I trusted you by giving you two or three hours of my time for an interview and multiple background discussions. I expressed my heartfelt reservations about both vaccines and the polarizing of this issue into “pro-vaccine” and “anti-vaccine” camps. I told you that there was at least a third “camp.” There are many doctors and even more parents who would like a more judicious approach to immunization. Give vaccines later, slower and with an individualized approach as we do in every other area of medicine.
This is a straw man. No one, even the most staunch vaccine advocates, advocate the identical vaccination regimen for every child. There are uncommon but clear reasons to deviate from the vaccination schedule due to a child’s individual medical history. However, these are based upon evidence, not the arbitrary judgment of individual physicians.
What evidence does Dr. Gordon provide that later, slower, individualized vaccination schedules do anything but reduce the herd immunity of a community, increase the number of doctor visits, decrease the likelihood that a child will be fully immunized, or increase the time for which a child is unprotected? No such evidence exists, so one must wonder on what he has based this recommendation.
The “individualized approach” to medicine warrants a series of posts all to its own. Suffice it to say that while there are uncommon times when a patient’s care must deviate from the usual approach, standardization of care is one of the most effective ways of improving patient outcomes, and is one of the pillars of evidence-based (and science-based) medicine. “Every other area of medicine” is making its best advances through the standardization of medical care, not capricious, evidence-free judgment calls of individual physicians.
What did you create instead?
“The Vaccine War.”
A war. Not a discussion or a disagreement over facts and opinions, but a war. This show was unintelligent, dangerous and completely lacking in the balance that you promised me — and your viewers — when you produced and advertised this piece of biased unscientific journalism. “Tabloid journalism” I believe is the epithet often used. Even a good tabloid journalist could see through the screed you’ve presented.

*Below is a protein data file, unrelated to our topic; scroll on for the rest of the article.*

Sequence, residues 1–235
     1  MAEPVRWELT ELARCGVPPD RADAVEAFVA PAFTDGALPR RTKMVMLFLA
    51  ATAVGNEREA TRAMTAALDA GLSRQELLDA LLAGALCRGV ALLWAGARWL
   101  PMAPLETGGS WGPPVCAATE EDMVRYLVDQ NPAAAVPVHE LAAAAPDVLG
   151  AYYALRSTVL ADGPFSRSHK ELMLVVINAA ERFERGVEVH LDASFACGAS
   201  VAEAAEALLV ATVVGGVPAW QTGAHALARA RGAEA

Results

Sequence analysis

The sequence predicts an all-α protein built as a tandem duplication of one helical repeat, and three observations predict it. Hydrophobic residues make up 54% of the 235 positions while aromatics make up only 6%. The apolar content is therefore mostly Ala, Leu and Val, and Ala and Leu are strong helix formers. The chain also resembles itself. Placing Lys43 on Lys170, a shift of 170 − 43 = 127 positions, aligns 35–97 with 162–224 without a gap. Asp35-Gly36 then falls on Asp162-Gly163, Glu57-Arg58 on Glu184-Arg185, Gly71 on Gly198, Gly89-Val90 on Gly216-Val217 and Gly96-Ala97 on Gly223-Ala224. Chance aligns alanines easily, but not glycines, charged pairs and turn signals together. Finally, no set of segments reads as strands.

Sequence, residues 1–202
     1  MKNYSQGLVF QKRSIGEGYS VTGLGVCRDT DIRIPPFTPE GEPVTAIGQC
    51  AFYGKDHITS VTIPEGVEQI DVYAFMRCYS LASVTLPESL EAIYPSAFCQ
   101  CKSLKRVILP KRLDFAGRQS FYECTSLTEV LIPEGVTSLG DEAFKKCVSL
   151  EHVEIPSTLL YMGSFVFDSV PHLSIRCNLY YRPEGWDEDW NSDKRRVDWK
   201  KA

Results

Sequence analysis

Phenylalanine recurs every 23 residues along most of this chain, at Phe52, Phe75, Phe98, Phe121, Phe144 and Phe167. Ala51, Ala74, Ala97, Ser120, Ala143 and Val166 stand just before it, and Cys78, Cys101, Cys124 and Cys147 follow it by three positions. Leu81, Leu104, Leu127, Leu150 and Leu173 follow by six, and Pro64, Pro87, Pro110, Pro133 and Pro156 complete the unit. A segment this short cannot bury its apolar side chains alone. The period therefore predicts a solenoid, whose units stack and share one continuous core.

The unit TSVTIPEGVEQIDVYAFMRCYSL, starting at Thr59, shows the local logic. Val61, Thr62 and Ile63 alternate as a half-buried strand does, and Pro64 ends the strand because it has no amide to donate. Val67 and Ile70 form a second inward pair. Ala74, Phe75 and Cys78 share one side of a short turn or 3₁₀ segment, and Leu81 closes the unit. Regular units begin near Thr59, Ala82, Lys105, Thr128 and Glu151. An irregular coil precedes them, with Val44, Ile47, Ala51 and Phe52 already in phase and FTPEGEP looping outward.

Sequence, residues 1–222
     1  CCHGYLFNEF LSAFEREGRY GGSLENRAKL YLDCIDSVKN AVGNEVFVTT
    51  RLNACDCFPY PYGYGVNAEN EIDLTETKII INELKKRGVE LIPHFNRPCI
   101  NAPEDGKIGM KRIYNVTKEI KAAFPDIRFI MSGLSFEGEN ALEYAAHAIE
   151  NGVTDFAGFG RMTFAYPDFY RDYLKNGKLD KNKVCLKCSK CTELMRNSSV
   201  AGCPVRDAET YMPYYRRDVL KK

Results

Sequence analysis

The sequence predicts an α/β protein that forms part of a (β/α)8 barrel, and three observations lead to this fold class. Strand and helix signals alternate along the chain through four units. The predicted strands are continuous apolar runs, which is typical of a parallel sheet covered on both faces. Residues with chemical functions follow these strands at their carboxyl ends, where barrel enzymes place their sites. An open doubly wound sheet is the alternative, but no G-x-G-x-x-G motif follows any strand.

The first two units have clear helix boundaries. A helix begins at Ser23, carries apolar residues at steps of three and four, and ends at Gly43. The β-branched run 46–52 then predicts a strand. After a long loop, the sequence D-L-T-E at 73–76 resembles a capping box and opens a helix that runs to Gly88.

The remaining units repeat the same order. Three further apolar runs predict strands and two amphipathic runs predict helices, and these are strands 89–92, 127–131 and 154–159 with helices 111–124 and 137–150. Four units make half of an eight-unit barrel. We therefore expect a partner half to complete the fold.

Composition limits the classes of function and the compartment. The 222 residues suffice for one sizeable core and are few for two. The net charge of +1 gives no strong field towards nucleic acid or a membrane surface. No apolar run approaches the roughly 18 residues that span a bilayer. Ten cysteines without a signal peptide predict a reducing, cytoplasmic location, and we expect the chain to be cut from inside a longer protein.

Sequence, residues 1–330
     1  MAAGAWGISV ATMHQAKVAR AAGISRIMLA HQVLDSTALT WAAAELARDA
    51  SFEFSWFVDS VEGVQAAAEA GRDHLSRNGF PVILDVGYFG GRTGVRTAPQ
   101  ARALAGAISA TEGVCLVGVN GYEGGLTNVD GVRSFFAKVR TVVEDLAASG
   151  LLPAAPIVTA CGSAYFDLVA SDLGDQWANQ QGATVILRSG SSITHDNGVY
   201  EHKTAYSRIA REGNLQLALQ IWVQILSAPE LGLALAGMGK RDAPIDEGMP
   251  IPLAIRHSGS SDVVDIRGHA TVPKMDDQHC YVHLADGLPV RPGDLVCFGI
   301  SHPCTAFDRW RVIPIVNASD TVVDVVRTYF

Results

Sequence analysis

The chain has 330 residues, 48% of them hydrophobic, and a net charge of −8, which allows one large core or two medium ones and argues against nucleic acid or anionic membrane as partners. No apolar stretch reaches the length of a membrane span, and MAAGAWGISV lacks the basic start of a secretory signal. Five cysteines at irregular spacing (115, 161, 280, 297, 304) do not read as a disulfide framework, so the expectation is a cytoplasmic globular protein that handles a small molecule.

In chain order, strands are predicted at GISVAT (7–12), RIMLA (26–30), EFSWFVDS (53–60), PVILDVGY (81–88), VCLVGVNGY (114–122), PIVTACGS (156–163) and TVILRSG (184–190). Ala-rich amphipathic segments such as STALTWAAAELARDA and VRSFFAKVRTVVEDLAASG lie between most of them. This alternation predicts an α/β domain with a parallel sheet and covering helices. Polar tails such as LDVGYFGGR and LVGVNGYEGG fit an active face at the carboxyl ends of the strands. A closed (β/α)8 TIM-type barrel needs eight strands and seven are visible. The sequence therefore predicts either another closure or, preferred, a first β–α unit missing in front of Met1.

And I believe this is one of the better examples of “projection” that I’ve come across. I touched on the idea of “balance” in journalism at the beginning, and will not rehash it here.
You interviewed me, you spent hours with Dr. Robert Sears of the deservedly-illustrious Sears family and you spoke to other doctors who support parents in their desire to find out what went wrong and why it’s going wrong and what we might do to prevent this true epidemic.
Dr. Gordon sets up a false-dichotomy here. He pretends that only physicians who believe vaccines cause autism support parents of autistic children, or want to find the root cause of autism, or to find viable treatments or ways to prevent it. This is absurd.
How deserving Dr. Sears is of his popularity we have addressed on SBM in the past, and can be found here.
Not a measles epidemic, not whooping cough. Autism. An epidemic caused by environmental triggers acting on genetic predisposition. The science is there and the evidence of harm is there.
Autism diagnoses are higher than they have been in the past, and they are unsettlingly common, warranting a large-scale research, therapeutic, and support system that is currently lacking. This is due in large part to increased awareness and broadened definitions of what places someone on the autism spectrum, though the possibility of a smaller scale true increase in the incidence of autism has not yet been confirmed or ruled out. To label this as a “true epidemic” is inaccurate on several fronts.